Thursday, December 22, 2011

Common Core Needs a New Learning Corps!

"There may not be any curriculum that every learner needs to know, but there surely are many curriculums that most need learners to know."

There's lots of talk out there in Web 2+ land these days about learning standards, standardized testing, common core curriculums, even having teachers read scripts to students to assure that all learners are hearing the same thing. Madness abounds! Who even knows when the kids are listening to anything the teacher says.

A teacher's curriculum delivery plate is far too full these days, not just with standards, but with all the other cultural, social, political, and local necessities that constitute what children are expected to know. Well, at least expect to be tested on. For more on this topic, read Jamie Vollmer' List:

It's my intent in this blog to tilt a different windmill. Pancho, hand me my Quixotian lance. What do our students really need to know? The answers, whatever they are, must be doable.

One of the recently touted solutions is Common Core standards. It makes sense, really. At some acceptable level of competency, kids need to know how read, write, compute. The devil is in the details of when and how much. Not all will pass 5th grade tests in 5th grade.

I'll digress on this last observation, because the enemy of standards is us. We have a plethora of disconnected school districts. We group our learners by how old they are, not by what they know and need to know. For more on this topic read "Animal School" - fable with a moral that's been around for over 50 years:

Why group them at all? Why not deliver the Common Core standards to each learner, one at a time. We could make lessons available, with the requisite testing, online 24/7 and even include real, live tutorial and mentor help for those who need it. Hey, it's already happening. But, let's have all states adopt the same definition of standards: every learner needs to know these skills and understandings before diploma time. Maybe we could even have a Confederation of States Commission to oversee it and let the states get on with other business.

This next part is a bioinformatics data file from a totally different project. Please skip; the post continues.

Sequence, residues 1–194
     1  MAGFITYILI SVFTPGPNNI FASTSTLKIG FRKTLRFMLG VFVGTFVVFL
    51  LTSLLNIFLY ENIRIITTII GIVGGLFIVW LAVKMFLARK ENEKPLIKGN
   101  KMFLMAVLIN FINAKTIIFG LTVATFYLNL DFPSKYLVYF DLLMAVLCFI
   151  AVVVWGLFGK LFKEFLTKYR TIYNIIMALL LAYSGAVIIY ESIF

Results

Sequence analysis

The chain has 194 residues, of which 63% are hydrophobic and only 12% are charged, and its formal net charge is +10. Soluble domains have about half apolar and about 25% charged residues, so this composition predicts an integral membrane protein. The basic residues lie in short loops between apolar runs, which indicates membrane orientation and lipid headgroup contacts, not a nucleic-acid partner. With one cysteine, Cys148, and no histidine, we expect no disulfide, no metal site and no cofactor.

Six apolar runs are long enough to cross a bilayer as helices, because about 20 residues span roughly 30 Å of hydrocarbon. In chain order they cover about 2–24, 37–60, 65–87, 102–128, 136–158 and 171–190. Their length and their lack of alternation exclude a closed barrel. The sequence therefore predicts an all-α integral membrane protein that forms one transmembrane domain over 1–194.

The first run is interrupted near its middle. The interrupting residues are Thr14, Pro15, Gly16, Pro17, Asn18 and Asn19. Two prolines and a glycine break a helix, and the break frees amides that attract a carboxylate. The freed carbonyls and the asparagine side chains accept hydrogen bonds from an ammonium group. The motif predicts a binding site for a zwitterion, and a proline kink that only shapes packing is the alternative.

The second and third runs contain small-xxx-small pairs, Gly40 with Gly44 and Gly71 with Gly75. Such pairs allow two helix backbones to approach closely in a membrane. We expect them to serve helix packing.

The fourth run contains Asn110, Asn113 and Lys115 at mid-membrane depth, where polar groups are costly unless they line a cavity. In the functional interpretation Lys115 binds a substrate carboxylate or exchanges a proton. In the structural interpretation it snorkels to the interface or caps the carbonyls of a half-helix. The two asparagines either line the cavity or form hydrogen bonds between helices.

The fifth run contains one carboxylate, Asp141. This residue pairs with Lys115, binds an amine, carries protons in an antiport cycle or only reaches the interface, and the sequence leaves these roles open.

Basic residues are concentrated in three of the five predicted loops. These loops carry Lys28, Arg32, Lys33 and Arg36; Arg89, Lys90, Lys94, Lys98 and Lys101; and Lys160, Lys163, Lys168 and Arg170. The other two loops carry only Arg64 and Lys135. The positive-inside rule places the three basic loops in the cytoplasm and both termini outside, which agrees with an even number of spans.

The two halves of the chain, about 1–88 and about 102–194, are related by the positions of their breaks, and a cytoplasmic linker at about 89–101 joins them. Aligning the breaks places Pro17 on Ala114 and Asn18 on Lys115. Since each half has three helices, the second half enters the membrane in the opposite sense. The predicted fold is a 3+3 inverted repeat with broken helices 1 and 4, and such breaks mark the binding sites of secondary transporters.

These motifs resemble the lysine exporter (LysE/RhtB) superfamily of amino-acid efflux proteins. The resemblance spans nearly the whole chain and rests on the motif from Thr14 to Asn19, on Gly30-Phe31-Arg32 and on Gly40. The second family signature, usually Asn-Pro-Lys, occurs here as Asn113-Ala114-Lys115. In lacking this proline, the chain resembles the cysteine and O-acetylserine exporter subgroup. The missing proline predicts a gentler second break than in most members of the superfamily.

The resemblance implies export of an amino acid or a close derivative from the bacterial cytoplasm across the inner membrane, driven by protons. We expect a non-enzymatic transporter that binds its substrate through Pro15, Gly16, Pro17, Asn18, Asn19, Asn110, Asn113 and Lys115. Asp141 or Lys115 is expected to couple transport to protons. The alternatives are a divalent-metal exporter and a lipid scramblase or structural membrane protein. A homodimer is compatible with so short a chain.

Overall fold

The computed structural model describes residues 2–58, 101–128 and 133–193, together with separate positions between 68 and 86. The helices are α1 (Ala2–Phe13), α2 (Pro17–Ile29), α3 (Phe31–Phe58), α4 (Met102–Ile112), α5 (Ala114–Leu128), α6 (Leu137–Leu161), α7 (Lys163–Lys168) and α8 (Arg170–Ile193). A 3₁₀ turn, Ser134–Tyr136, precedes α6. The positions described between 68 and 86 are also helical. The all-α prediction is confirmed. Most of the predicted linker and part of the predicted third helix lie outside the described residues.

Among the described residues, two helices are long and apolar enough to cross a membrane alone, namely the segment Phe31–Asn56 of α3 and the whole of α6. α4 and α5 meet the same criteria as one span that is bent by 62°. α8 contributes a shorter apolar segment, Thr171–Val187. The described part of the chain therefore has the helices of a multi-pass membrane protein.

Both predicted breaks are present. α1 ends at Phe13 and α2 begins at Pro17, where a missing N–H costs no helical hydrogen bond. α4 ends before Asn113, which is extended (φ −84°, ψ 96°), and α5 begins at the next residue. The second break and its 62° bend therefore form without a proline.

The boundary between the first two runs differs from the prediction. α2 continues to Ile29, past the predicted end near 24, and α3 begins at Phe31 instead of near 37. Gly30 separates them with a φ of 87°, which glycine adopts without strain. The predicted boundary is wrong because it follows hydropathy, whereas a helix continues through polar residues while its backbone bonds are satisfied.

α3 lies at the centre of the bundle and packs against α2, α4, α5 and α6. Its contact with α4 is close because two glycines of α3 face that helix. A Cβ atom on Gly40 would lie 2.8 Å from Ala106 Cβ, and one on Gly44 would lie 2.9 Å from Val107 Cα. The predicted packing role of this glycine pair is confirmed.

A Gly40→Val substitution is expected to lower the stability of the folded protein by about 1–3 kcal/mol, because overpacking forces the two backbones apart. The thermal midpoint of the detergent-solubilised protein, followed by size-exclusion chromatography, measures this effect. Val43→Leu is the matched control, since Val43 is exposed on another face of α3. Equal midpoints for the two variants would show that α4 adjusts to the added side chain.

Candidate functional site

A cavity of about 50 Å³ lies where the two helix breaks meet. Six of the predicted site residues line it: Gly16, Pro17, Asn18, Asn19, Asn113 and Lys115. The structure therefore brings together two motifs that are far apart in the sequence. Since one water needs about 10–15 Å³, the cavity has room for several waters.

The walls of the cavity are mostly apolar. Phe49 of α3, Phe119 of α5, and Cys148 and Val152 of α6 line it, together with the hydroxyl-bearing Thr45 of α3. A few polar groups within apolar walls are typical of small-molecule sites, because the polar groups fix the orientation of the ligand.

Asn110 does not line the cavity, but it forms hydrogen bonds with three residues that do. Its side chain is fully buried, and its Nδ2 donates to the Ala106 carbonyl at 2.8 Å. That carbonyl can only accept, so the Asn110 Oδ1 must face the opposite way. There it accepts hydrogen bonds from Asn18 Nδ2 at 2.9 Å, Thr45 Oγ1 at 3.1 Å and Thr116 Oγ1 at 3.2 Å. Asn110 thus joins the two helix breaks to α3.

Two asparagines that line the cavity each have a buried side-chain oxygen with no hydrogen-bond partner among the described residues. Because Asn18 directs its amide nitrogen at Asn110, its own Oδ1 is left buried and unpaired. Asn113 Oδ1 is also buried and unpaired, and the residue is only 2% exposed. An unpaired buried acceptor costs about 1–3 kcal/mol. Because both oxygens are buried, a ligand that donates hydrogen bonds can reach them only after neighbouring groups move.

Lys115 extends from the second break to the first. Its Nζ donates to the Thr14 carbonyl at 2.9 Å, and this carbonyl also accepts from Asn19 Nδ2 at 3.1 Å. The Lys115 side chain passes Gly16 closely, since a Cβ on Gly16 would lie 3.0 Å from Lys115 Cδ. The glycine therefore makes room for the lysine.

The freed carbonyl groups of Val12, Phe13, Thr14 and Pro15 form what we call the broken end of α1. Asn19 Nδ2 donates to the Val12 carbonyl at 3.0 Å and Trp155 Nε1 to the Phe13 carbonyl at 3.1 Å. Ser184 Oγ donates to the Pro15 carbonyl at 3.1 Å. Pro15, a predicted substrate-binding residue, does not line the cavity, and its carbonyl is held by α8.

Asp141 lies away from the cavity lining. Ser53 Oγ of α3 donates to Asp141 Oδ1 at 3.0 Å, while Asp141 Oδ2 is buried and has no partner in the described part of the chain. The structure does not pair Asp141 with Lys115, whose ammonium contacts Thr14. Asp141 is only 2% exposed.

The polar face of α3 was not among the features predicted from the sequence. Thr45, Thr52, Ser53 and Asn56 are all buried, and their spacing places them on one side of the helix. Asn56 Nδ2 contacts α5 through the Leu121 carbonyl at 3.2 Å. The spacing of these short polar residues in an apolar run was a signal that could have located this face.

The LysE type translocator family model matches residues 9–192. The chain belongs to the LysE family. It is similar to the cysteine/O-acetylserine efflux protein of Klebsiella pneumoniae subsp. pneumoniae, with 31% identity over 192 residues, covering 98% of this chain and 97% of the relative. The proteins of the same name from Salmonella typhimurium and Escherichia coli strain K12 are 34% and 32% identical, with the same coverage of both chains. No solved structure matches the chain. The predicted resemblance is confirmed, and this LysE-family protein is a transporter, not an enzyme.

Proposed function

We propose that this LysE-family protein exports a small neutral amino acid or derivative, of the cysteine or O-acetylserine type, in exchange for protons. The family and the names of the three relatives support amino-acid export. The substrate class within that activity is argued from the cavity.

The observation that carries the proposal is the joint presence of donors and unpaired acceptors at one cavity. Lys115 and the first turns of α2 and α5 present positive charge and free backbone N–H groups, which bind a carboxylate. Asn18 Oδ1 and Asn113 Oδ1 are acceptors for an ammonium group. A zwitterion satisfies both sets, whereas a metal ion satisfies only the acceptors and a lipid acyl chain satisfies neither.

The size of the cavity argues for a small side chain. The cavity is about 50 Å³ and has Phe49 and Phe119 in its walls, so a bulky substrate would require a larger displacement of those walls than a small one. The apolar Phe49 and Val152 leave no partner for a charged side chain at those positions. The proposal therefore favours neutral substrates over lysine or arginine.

Classrooms could then become a gathering-place of learners with like interests and comparable readiness to learn the non-core curriculum du jour or the semester....watercolor art, choral music, journaling, geocaching, poem-making, etc. Why, they might even choose something new to learn that would motivate a more aggressive mastery of their Common Core standards. Students could even form learning teams and help one another, teachers assisting as needed. And our teachers wouldn't have to read from teleprompters either.

With 16,000 school districts and an equal number of school boards, alignment for effectively delivering common standards is nearly an impossible task. Let's let the new technologies and Web 2.0+ and a Common Core Commission of States help deliver what our current classrooms can't. Then let's create New Classrooms to deliver what Common Core can't: Competencies in Action.

I know, I know! My windmill is a dream. And so is my tilting. But dreams can happen, one newly revised classroom at a time, a place where learners are ready, willing, and able to show us that they know. Even Horace Mann might approve.


The people involved with Clickable said...

Thanks for taking the time. I like when someone else sees the same thing I do. Makes sense for another windmill tilter like me.

I think were we differ is that I think I see a pattern of evidence that tells me finally we are on the right side of history.

Common Core seen as Open standards undermines the power of school boards and state department of education as well as seriously threatening the monopoly on content held by the big publishing houses.

It also seriously threatens present practice especially in low income dysfunctional schools.

Everyone would agree with "At some acceptable level of competency, kids need to know how read, write, compute."

And yet they don't. Even many who get into "college" only to sit in remedial courses because they cannot read, write or compute at an acceptable level.

My strong hunch is that the mobile phone revolution of the last few years is the final trigger. I have a much longer story. Please feel free to ask if you want to hear it.

Michael Josefowicz

Dr. Tom said...

Those are good points, Mike.

I think one big reason so many kids can't read, write compute is that so many more stay in school these days, but attend sparingly, and are not motivated greatly to learn these skills. Worse, since we organize them into grades by by age instead of needs, it's extremely difficult to resolve their disabilities.

I would like to hear more from you on this issue. You can email me at

Cheers for the holidays!